Starting Over in San Francisco
By Mark Maske
Washington Post Staff Writer
Monday, June 7, 2004; 12:40 PM
Are the San Francisco 49ers really only one season removed from a season in which they went 10-6 and reached the second round of the NFC playoffs, and had one of the league's better coaches (Steve Mariucci) overseeing a Pro Bowl quarterback (Jeff Garcia) and a Pro Bowl wide receiver (Terrell Owens)?
That seems like a long, long time ago, and this is a franchise on the bottom rung of yet another rebuilding project aimed at recapturing the glory of its five Super Bowl triumphs between the 1981 and '94 seasons.
The 49ers went 7-9 last season, getting exactly what they should have expected -- mediocrity -- when they surprised practically everyone by hiring Dennis Erickson as their coach after forcing out Mariucci, who had had four seasons with 10 or more victories in six years in San Francisco. For all of his success in college at Miami and Oregon, Erickson has spent five seasons as an NFL head coach in Seattle and San Francisco and has gone 8-8 three times and 7-9 twice.
He will be lucky to do that well this season.
The 49ers spent the offseason tearing apart their roster. They released Garcia in March after he refused to accept a pay cut. They also cut tailback Garrison Hearst, tackle Derrick Deese, guard Ron Stone and defensive end Sean Moran. Wide receiver Tai Streets, tight end Jed Weaver, cornerback Jason Webster and defensive tackle Travis Kirschke exited as free agents.
The 49ers were prepared to allow Owens to leave as an unrestricted free agent and get nothing in return when they caught a break and he and agent David Joseph missed a February deadline to void the remainder of Owens's contract. The 49ers never had a notion of keeping Owens and traded him to the Baltimore Ravens for a second-round draft choice, then had that deal undone by the settlement that resulted from the case that the Players Association presented to NFL special master Stephen B. Burbank seeking to have Owens declared a free agent. The 49ers traded Owens to the Philadelphia Eagles as part of the compromise, getting defensive end Brandon Whiting (whose shoulder injury eventually could allow the 49ers to accept a third-round draft pick next year instead).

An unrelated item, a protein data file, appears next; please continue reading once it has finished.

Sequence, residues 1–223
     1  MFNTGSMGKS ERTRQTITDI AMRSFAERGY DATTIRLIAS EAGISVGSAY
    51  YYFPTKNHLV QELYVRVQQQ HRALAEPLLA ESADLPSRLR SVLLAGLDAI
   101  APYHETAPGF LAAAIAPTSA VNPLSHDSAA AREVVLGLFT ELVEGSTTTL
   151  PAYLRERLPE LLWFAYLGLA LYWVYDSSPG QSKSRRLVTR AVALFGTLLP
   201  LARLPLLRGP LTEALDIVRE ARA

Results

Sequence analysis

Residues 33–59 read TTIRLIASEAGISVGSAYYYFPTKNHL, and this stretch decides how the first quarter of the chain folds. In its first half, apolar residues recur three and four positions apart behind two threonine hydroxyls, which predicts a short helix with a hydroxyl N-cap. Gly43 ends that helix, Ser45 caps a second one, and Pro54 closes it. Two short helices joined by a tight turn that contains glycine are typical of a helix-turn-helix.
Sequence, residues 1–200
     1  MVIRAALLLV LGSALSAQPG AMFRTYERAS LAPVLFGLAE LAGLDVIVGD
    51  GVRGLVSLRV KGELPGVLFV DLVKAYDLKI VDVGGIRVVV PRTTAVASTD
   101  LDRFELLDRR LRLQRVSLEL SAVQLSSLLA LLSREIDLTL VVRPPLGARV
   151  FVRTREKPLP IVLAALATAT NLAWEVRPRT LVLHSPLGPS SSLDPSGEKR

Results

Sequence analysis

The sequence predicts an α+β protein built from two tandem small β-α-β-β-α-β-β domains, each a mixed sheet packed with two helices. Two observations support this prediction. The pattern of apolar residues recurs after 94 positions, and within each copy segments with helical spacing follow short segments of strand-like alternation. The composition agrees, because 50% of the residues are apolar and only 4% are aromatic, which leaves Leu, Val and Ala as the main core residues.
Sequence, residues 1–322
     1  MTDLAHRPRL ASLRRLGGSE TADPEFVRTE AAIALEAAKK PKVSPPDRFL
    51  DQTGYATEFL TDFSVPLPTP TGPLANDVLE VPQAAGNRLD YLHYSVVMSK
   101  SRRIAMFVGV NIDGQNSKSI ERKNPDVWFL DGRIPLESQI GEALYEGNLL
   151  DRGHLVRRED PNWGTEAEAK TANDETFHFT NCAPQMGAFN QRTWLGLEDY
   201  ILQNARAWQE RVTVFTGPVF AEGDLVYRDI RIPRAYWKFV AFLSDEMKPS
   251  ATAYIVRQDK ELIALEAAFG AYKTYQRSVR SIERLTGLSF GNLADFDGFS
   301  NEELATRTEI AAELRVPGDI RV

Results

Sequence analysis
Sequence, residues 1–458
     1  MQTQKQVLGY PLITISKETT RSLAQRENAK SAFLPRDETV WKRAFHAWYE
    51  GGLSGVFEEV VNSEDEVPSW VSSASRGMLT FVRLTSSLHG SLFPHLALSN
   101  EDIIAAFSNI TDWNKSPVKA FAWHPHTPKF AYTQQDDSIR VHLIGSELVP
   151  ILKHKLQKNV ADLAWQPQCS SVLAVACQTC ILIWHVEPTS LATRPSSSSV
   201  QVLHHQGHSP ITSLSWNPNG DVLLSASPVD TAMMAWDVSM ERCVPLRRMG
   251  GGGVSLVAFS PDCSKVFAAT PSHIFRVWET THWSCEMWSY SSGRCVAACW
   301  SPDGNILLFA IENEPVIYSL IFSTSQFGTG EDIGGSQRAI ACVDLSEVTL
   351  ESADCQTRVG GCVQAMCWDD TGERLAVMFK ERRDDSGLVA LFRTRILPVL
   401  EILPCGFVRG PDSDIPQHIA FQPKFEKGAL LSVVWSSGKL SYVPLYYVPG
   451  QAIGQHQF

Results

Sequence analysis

The exodus was not complete because the 49ers used their exclusive franchise tag to keep linebacker Julian Peterson off the unrestricted free-agent market, and re-signed cornerback Ahmed Plummer to a five-year, $25-million contract that included a $5-million signing bonus and a $6 million roster bonus in 2005.
And, very quietly, the 49ers had one of the league's better drafts, trading down in the first-round order and ending up with a half-dozen players who could be solid contributors relatively quickly -- wide receiver Rashaun Woods, guard Justin Smiley, cornerback Shawntae Spencer, wideout Derrick Hamilton, defensive tackle Isaac Sopoaga and linebacker Richard Seigler.
Woods and Hamilton, along with veteran free-agent addition Curtis Conway, step into the void left by the departures of Owens and free agent Tai Streets, who rejoined Mariucci in Detroit. The 49ers got Smiley in the second round even though a few scouts had him rated as the second-best offensive lineman in the draft, behind only Iowa left tackle Robert Gallery (who went second overall to the Oakland Raiders). Sopoaga was one of the strongest players in the draft and was a terrific value pick for the fourth round.
Still, there was no time for the 49ers to enjoy their draft-weekend success. In his first official practice as Garcia's successor, anointed starting quarterback Tim Rattay tore a groin muscle. He underwent surgery, and the 49ers can only hope that he will be ready to open the season as the starter. They have not dipped back into the still-active quarterback market and have Ken Dorsey penciled in as their starter if Rattay can't come back in time. Even if Rattay is healthy, there is no way of knowing whether the success he has had in limited playing time will result in the former seventh-round draft selection being a solid NFL starter.